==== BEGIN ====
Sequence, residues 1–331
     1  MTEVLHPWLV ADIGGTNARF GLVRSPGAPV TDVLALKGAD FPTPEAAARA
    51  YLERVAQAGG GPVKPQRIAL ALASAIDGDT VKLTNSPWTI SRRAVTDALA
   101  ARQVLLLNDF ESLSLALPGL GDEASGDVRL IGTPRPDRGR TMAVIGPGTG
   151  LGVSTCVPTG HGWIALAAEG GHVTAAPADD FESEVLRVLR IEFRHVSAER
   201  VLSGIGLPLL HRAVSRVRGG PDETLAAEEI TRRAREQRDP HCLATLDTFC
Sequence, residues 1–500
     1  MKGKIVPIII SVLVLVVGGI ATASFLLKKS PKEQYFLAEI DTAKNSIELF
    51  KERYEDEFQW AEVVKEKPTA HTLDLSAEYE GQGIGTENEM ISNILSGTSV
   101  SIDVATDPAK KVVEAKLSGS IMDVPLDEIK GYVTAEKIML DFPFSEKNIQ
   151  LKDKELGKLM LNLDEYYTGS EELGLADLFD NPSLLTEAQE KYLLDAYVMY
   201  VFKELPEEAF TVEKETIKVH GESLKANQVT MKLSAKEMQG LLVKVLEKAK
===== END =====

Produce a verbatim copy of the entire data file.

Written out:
Sequence, residues 1–331
     1  MTEVLHPWLV ADIGGTNARF GLVRSPGAPV TDVLALKGAD FPTPEAAARA
    51  YLERVAQAGG GPVKPQRIAL ALASAIDGDT VKLTNSPWTI SRRAVTDALA
   101  ARQVLLLNDF ESLSLALPGL GDEASGDVRL IGTPRPDRGR TMAVIGPGTG
   151  LGVSTCVPTG HGWIALAAEG GHVTAAPADD FESEVLRVLR IEFRHVSAER
   201  VLSGIGLPLL HRAVSRVRGG PDETLAAEEI TRRAREQRDP HCLATLDTFC
Sequence, residues 1–500
     1  MKGKIVPIII SVLVLVVGGI ATASFLLKKS PKEQYFLAEI DTAKNSIELF
    51  KERYEDEFQW AEVVKEKPTA HTLDLSAEYE GQGIGTENEM ISNILSGTSV
   101  SIDVATDPAK KVVEAKLSGS IMDVPLDEIK GYVTAEKIML DFPFSEKNIQ
   151  LKDKELGKLM LNLDEYYTGS EELGLADLFD NPSLLTEAQE KYLLDAYVMY
   201  VFKELPEEAF TVEKETIKVH GESLKANQVT MKLSAKEMQG LLVKVLEKAK